Taming Ferry Wakes and Reducing CO2

Rik van Hemmen

Will Moon was one of my very early engineering interns (and also helped me finish out the second story of my house decades ago). He has since moved to the West Coast and has worked for the naval architecture firm Glosten for quite a while now. On Marinelink.com I saw a quick flash of a foiling passenger ferry and the name Glosten and I contacted him for a closer look.

Will provided me with more information and this is one of those cases where I really like what I see. This is still an early concept that was developed with the designers and composites engineers at Bieker Boats, but it has a bunch of features that may be of real benefit in future ferries (and other work boats, such a crew boats) and opens a much larger discussion of what we want ferries to be like when we all grow up.

Foiling ferries have been around for decades (I actually interviewed for the Boeing Jetfoil program when I graduated college), but they never made it past a very tentative go.

From what I could see there were technology issues. The control systems were very expensive and difficult to design, the foils were expensive to manufacture, the most suitable materials were aluminum for the hulls and steel for the foils, there were few suitable powerplants and, most of all, the drive train could only be described as a bear (there are other terms I could use, but you get the drift).

In the last decades we have actually made a huge amount of progress in those departments and to get a ferry to foil is technically no longer so difficult.

Foiling math is fun, and it is now well established in the high-performance sailing world. Foilers do not operate with a large amount of hump drag and therefore they do not need a large amount of installed power to get over the hump. Once they get on foil, a well-designed foiler can burn as little as 50% of the fuel a catamaran burns. But that is only the beginning of the fun, a foiler has inherently low wake and is less affected by waves. The Glosten/Bieker design dials in on these advances in materials, controls, and propulsion. It also reaches back to an ancient planing hull design, a Seasled hull, which is just about perfect for a foiler like this.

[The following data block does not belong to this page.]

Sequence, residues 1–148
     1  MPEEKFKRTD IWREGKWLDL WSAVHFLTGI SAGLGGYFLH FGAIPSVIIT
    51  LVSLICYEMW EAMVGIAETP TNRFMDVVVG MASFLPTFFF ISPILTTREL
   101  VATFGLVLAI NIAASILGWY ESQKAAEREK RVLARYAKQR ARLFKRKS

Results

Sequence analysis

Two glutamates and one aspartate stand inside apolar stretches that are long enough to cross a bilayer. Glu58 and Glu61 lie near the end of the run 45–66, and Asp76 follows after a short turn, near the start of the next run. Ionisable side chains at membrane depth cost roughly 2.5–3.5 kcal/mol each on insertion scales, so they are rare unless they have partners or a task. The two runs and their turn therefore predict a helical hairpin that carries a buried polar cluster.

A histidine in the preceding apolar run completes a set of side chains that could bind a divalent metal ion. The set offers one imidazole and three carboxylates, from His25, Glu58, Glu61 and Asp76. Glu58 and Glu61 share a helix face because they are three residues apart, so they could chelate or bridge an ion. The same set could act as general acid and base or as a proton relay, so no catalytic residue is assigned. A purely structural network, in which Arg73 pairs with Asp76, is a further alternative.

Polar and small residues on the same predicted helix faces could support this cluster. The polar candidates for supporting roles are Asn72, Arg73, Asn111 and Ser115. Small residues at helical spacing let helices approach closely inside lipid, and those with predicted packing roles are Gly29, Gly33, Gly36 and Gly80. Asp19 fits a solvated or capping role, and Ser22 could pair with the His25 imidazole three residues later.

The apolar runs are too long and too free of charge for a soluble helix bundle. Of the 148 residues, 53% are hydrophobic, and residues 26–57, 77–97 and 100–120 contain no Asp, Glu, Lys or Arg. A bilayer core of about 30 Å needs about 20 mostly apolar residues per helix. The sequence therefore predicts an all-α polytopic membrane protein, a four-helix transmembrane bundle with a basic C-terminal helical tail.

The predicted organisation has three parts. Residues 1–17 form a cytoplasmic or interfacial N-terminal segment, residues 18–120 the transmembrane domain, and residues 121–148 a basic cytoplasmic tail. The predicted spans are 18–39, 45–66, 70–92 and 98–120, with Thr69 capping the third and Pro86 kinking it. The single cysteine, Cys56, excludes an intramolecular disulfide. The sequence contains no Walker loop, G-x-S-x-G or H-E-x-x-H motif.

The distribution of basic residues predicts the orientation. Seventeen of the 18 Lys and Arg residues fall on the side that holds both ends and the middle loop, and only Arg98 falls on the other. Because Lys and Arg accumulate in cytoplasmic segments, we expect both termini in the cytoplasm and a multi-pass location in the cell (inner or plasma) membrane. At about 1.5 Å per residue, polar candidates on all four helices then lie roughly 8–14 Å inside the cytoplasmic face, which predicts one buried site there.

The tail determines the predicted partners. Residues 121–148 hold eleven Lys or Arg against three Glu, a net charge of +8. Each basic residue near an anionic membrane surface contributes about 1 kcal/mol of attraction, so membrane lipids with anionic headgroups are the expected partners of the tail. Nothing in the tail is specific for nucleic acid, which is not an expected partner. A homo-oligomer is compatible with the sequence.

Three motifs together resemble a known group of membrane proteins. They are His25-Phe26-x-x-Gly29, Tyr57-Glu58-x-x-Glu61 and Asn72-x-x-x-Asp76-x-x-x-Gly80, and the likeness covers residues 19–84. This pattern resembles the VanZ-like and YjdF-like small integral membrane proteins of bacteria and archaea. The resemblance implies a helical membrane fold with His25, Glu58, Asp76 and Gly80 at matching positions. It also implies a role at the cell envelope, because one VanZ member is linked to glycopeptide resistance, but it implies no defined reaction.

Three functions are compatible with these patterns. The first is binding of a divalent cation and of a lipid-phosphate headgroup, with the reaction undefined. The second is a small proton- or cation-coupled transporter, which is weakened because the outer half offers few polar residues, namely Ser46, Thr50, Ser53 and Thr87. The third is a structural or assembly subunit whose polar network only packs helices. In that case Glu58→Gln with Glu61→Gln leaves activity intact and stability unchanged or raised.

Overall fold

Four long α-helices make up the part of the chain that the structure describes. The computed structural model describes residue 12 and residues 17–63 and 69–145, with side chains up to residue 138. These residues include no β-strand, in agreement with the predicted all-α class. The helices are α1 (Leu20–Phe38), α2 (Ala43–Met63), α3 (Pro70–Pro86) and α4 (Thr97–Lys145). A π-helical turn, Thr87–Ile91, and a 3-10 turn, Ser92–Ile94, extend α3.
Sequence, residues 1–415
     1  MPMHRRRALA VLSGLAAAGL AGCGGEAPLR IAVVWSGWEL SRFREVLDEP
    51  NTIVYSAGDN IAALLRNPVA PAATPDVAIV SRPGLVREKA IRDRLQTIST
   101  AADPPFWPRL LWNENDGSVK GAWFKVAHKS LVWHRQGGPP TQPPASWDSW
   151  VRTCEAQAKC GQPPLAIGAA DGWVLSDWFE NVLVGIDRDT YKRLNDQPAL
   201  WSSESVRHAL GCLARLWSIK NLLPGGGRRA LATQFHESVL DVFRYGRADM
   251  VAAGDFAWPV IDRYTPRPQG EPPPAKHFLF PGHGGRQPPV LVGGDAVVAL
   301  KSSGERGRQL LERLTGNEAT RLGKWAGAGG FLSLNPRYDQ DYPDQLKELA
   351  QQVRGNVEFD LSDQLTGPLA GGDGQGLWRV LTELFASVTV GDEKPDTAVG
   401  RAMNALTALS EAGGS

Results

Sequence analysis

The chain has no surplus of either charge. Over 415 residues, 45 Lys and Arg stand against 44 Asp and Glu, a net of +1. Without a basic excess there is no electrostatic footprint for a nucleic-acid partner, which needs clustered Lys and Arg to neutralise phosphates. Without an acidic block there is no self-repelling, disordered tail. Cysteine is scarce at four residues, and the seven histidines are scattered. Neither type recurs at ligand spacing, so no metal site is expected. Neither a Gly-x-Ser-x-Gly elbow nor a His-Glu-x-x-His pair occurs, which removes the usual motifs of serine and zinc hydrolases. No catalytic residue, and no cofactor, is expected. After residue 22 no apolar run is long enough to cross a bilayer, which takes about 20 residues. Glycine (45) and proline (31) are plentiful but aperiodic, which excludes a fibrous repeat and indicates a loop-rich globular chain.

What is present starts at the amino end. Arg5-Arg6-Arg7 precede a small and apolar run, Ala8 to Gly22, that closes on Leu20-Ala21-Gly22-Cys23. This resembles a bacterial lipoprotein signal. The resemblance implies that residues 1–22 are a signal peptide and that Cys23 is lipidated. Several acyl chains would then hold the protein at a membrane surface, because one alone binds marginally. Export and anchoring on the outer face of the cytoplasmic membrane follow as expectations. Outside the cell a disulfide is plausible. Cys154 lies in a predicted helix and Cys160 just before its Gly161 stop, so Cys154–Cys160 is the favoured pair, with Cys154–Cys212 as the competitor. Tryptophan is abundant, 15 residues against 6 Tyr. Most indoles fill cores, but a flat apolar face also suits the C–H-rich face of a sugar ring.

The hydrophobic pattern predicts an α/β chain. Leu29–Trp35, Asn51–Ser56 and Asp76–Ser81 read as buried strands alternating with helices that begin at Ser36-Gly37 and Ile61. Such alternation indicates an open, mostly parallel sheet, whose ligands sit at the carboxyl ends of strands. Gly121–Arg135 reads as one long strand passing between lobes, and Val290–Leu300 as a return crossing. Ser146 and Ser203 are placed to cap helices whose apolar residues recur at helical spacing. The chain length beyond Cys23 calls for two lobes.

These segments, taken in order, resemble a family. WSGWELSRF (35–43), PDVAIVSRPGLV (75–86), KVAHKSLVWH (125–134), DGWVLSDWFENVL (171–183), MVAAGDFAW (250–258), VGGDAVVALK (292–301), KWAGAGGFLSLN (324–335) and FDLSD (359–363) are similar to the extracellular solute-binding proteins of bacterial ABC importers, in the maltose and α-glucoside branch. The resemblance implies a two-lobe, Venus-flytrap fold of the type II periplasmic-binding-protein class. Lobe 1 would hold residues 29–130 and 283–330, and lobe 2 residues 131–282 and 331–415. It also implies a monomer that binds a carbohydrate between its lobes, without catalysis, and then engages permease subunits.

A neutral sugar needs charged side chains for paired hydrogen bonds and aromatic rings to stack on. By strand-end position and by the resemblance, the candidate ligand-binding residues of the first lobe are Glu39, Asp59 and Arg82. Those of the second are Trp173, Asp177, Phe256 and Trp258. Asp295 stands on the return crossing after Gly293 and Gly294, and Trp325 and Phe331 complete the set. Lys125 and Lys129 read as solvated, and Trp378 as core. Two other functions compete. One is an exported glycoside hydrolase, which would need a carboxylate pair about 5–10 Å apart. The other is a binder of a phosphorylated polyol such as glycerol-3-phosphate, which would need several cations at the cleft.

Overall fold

Image: Glosten

Ferries are always optimized for a run, so let’s look at this design for my favorite run; Atlantic Highlands to NYC. It is a great run for a ferry of this type. (But there may actually be less challenging runs out there in deep rivers, fjords and bays).  The ferry is a little small in today’s Atlantic Highlands traffic, but let’s make her an off-hour ferry, and use her for the lower density runs throughout the day, including a nice late night run that can get me home after a broadway show and a post-show drink.

In this application she will need retracting foils to deal with the shallow water depths at Atlantic Highlands. At present the bow foils do not retract, but Will tells me that can be changed rather easily.